Choose your character!
That’s part of it yes but including either of these structures into your story can be a useful tool for organizing plots. Order and familiarity help ground the audience’s expectations while giving the writer the means to subvert, confirm, or reject those expectations. You can’t pull the rug out from someone if you don’t lay out a rug. Nor can you build a house in a void. But when organizing your plot you’ll have to think what makes the most sense for your story.
In short, stories of simpler design generally benefit from the rigidness of the Freytag’s Pyramid structure while more complex stories as well as episodic tales can be fleshed out with longer story arcs.
The basic inciting incident, rising action, climax, resolution plot is so ingrained that people can let it just pass by. An educational story where you’re just trying to get across a good moral or some basic history lesson are best left digestible. If the focus is on likable characters and escapism and spectacle such as a Star Wars, then it’s best not to divide the audience’s attention with a grandiose exploration of a brainy concept. However, the same simplicity can create such a lull in expectations that a tiny twist here or there can be magnified in importance. There’s good and evil, black and white, until that one scene in Empire.
A longer story can take the time to flesh out characters and philosophize on themes. If you want to have a larger scope the central focus could be on a monarchical throne and the different rulers sitting upon it over generations. How does each king or queen contend with the trials of governorship? To get specific, let’s have the progenitor of the dynasty kick a can down the road—say he deals with a food shortage by sending his peoples to plunder the nearby coastal lands. He does this knowing many will die but considers it a mode of population control and a chance to eliminate challengers to his throne. The negative political fallout and lack of skilled soldiers will be the next ruler’s problem. Then when that ruler kicks the can down the road into a more precarious situation we have a dangerous cycle. The people come and go, the capitol may change locations, ships gone to sea never to be seen again become myth, but the concept and consequences of that shared character flaw remain for the entire story.
If you’ve got 300,000 words to work with then that’s a long time to just build tension. You can’t simply multiply every segment of the pyramid and have an introduction plodding well into the tens of thousands of words and a pivotal climax which needs to be stretched to meet quota. Likewise an episodic story (I’ll offer up the medium of manga) can’t run an issue every week or month for years building to a single event. There have to be intermittent goals for the characters to strive for to maintain pacing.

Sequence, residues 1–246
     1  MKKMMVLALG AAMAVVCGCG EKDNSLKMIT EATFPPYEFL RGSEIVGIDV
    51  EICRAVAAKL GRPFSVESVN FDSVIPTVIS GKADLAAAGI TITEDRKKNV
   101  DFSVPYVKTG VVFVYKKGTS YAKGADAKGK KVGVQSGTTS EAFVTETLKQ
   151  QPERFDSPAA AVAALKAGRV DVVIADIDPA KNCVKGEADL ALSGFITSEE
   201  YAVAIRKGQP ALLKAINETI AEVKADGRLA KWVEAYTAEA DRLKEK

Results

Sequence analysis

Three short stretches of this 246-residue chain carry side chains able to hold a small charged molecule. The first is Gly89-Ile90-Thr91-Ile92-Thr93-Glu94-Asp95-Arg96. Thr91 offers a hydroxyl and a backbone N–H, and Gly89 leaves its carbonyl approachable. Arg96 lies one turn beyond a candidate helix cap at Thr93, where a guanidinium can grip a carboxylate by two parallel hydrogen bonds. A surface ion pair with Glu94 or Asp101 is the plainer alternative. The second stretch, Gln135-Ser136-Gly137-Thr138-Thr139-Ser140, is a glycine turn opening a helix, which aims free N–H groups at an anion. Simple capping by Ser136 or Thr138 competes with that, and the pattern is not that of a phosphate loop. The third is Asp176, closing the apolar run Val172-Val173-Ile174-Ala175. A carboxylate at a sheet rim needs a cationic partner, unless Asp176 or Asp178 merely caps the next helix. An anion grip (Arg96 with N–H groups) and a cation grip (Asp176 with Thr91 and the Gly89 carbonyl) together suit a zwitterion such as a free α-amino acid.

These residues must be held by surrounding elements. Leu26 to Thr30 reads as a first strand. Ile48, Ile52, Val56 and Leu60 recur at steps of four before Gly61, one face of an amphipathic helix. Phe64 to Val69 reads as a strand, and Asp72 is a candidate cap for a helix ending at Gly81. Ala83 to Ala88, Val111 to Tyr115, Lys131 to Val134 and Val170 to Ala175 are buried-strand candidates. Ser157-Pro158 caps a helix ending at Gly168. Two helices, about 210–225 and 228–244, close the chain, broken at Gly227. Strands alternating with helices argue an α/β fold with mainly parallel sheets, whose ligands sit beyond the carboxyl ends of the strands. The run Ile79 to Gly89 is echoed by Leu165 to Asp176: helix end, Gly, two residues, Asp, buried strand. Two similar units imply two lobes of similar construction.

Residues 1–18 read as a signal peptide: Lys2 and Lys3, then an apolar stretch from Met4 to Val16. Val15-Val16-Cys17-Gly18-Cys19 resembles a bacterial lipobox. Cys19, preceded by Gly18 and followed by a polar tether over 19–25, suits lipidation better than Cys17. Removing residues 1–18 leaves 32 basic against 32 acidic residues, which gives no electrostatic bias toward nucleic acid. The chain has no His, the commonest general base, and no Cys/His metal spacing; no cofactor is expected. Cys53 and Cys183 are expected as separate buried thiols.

Manga is interesting with its constant use of arcs (which often get their own names) because they contain strong blends of story arc based plotting and traditional plot structures. The overarching goal of a widowed warrior attempting to raise his son to be a better person than himself – perfect for a long-form decades spanning storyline – can be broken up into smaller arcs where the father is met with an obstacle which challenges his moral integrity. Each obstacle can then follow Freytag’s Pyramid to the appropriate degree. To keep them from getting stale have a high stakes external conflict arc be followed by a lower stakes introspective arc. You may not be able to stretch the pyramid out but the alternating roller-coaster action between chapters can be used for arcs just fine.
For smaller series, a duology or trilogy, a nice, well-thought-out pyramid would work wonders for each installment. Shorten up the introduction on the sequels to not repeat exposition and vary the pacing slightly to keep the plot less predictable. Add in a few overarching elements like a flourishing love, a yet to be challenged big bad, predictions/fortunes, character transformations, etc. and you can keep an audience entertained the entire time.
To break it down for different types of writers I’d say Freytag’s Pyramid (and other templated plot structures) is for architects and story arcs are for exploratory writers. They aren’t exclusive but if you’re going to plan out the events in rich detail, they’ll likely fit puzzlelike into a common story structure. If you’re writing and learning alongside the characters about what they really want at their core then that’s going to be an overarching theme in the tale.
But try both. I implore you to give them a shot and then mix them up in different ratios till you’ve found what works best for you and the stories you want to write. Then when you wish to get out of your comfort zone switch-up the recipe.
When you’re not really done then there comes the edit where you have to see if the pyramid is too obvious or if the arc is too obscure, or if whatever Frankenstein’s monster you’ve created has to be looked at sideways to be seen as a story. Perhaps another time. Best of luck with what you choose.